A Small Place

                          Nearly half the Falkland Islanders are immigrants. What draws people to a grim chunk of rock in the South Atlantic?

                          By Ian MountPosted Saturday, May 9, 2009, at 7:28 AM ET



                          Stanley's tourist dock, where daytrippers are ferried ashoreSTANLEY, Falkland Islands—It came as no surprise that the Stanley Arms pub served Cornish pasties and Strongbow Cider, or that the youngest of the three guys stooled up at the bar was complaining that Britain wasn't as it used to be—why, recently, an English lady he tried to help with her groceries practically slugged him, she was so scared of being mugged. After all, I was in Stanley, the capital of the Falkland Islands, which are a kind of superdistillate of Englishness in the same way that, say, Baghdad's Green Zone is an über-U.S.A. as designed by Burger King. What was curious was that the bartender, K.J., was one of the 150 or so Saints who live on the Islands. Not saints of the religious variety, but African-descended immigrants from the tiny tropical island of St. Helena, a place most famous for being Napoleon's final prison exile. Oddly, considering the 1982 war that Britain fought with Argentina over the Falklands, K.J. was wearing the soccer jersey of Club Atlético Independiente, a premier league team based in the suburbs of Buenos Aires. He wasn't exactly the image of your typical English "Kelper," as islanders are known.



                          For decades, the Falkland Islands have been a mix of punch line and trivia question, its popular image that of a few hundred boozy, inbred sheep farmers living on a rock in the South Atlantic. During the so-called Falklands conflict, British troops memorably dubbed the locals "Bennies" after Benny Hawkins, the village-idiot character in the British soap opera Crossroads. And, indeed, after going for a run on my second day on the islands and finding myself held still by the famous driving winds, I wondered why a dimwitted penguin, much less a sentient human adult, would willingly move there. The word grim comes to mind: Besides sandpaper winds, the islands are blessed with a skin-frying ozone hole, a near complete lack of trees, and import-dependent stores where sad tomatoes fetch $4.15 a pound (about twice what FreshDirect charges in Manhattan).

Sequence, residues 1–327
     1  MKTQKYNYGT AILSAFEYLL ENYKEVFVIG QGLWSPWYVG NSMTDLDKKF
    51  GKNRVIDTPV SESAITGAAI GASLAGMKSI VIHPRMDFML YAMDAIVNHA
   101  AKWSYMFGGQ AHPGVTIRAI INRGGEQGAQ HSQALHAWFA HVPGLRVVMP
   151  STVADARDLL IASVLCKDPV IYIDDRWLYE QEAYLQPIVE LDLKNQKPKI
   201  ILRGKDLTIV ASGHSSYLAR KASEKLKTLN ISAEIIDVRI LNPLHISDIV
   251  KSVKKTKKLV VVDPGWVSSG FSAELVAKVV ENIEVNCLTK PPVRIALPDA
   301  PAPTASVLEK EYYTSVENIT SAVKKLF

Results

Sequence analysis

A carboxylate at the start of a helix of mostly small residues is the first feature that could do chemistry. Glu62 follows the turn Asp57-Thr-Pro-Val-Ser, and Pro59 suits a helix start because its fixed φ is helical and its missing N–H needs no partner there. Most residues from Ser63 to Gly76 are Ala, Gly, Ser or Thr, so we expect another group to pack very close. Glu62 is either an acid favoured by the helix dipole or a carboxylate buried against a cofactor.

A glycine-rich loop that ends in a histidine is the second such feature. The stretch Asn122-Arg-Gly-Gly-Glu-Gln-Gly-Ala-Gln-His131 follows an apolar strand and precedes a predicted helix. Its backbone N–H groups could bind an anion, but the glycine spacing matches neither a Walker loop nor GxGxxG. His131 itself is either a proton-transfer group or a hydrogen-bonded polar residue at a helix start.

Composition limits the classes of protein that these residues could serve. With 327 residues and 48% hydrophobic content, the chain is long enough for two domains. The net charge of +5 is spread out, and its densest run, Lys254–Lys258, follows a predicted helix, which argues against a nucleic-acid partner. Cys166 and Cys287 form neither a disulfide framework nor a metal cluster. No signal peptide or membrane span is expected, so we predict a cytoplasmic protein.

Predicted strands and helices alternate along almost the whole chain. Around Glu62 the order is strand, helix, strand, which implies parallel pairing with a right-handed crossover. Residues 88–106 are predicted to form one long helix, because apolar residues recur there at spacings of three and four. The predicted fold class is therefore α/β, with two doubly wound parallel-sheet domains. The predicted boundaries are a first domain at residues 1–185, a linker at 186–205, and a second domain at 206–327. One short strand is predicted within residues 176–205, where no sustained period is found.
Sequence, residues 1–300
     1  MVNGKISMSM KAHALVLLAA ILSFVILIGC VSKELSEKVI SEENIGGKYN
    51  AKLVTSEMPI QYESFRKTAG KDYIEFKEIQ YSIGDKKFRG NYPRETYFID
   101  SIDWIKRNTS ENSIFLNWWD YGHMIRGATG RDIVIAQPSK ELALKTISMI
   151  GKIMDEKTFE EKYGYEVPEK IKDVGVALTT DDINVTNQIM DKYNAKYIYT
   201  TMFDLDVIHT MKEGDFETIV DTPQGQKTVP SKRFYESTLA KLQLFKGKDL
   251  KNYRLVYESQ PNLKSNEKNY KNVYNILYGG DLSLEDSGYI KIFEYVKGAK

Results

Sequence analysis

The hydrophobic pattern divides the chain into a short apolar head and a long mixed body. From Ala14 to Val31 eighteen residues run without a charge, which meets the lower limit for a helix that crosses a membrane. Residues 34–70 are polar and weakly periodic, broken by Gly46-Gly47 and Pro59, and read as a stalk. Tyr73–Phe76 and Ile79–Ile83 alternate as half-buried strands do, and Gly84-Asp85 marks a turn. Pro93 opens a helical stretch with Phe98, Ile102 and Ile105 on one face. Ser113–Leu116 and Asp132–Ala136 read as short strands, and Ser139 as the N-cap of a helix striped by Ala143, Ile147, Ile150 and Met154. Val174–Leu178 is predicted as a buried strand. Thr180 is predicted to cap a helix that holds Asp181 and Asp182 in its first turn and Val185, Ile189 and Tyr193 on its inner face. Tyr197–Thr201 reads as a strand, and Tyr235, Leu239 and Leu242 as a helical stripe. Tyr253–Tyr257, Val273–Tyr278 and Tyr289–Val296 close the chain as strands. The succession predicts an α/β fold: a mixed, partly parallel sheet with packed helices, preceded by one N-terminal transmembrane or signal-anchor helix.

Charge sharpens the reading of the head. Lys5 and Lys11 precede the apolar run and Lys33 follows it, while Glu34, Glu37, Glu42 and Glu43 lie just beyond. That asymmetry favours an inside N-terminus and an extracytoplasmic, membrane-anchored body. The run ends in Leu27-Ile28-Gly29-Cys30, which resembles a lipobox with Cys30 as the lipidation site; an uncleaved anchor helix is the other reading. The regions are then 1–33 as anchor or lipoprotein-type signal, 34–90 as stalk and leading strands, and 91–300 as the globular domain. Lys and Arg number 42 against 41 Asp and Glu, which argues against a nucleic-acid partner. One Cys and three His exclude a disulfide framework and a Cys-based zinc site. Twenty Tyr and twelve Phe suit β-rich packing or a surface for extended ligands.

But there they were: gaggles of immigrants. Every five years, the islands conduct a census with the Orwellian precision that is possible only on remote islands with a population of 2,478. Besides enumerating statistical curiosities—the number of dishwashers, for example, rose from 130 in 1996 to 338 a decade later—the census notes the surprising facts that only 53.2 percent of the 2006 population was born on the islands, and 25 languages other than English are spoken in Falkland homes. Among the immigrants are 650 U.K.-born residents, plenty of them Kelpers whose parents had moved to the United Kingdom to look for work and who themselves returned after the conflict. But there are also 153 Saints, 131 Chileans, 36 Australians, 26 New Zealanders, and a sprinkling of Germans, Russians, Indonesians, and Filipinos. Even an Argentine or two.


                          At the end of the war Argentine soldiers abandoned their weaponsThe 1982 conflict reminded the British government of the islands' existence. After the war, the government set up a ₤45 million reconstruction-and-development fund for the Falklands and declared the nearby fishing grounds and oil fields property of the islanders, which uncorked an economic boom that turned the Falklands into the polycultural economic beacon it is today. One British diplomat told me one of her colleagues jokes that the islanders should raise a monument to Leopoldo Galtieri, the Argentine military dictator who had the brilliant idea of invading the islands to save his fading government, Wag the Dog-style.